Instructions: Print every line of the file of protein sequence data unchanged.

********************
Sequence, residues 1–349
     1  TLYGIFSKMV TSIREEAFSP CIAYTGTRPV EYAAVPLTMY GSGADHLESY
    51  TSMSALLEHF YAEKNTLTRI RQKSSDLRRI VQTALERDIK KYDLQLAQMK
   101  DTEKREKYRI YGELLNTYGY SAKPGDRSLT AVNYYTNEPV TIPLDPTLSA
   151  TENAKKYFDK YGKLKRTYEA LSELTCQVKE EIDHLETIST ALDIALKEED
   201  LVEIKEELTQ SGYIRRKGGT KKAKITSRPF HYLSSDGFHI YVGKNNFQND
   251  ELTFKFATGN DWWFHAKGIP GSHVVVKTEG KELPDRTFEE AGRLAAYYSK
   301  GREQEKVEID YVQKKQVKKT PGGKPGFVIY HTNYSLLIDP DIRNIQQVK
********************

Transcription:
Sequence, residues 1–349
     1  TLYGIFSKMV TSIREEAFSP CIAYTGTRPV EYAAVPLTMY GSGADHLESY
    51  TSMSALLEHF YAEKNTLTRI RQKSSDLRRI VQTALERDIK KYDLQLAQMK
   101  DTEKREKYRI YGELLNTYGY SAKPGDRSLT AVNYYTNEPV TIPLDPTLSA
   151  TENAKKYFDK YGKLKRTYEA LSELTCQVKE EIDHLETIST ALDIALKEED
   201  LVEIKEELTQ SGYIRRKGGT KKAKITSRPF HYLSSDGFHI YVGKNNFQND
   251  ELTFKFATGN DWWFHAKGIP GSHVVVKTEG KELPDRTFEE AGRLAAYYSK
   301  GREQEKVEID YVQKKQVKKT PGGKPGFVIY HTNYSLLIDP DIRNIQQVK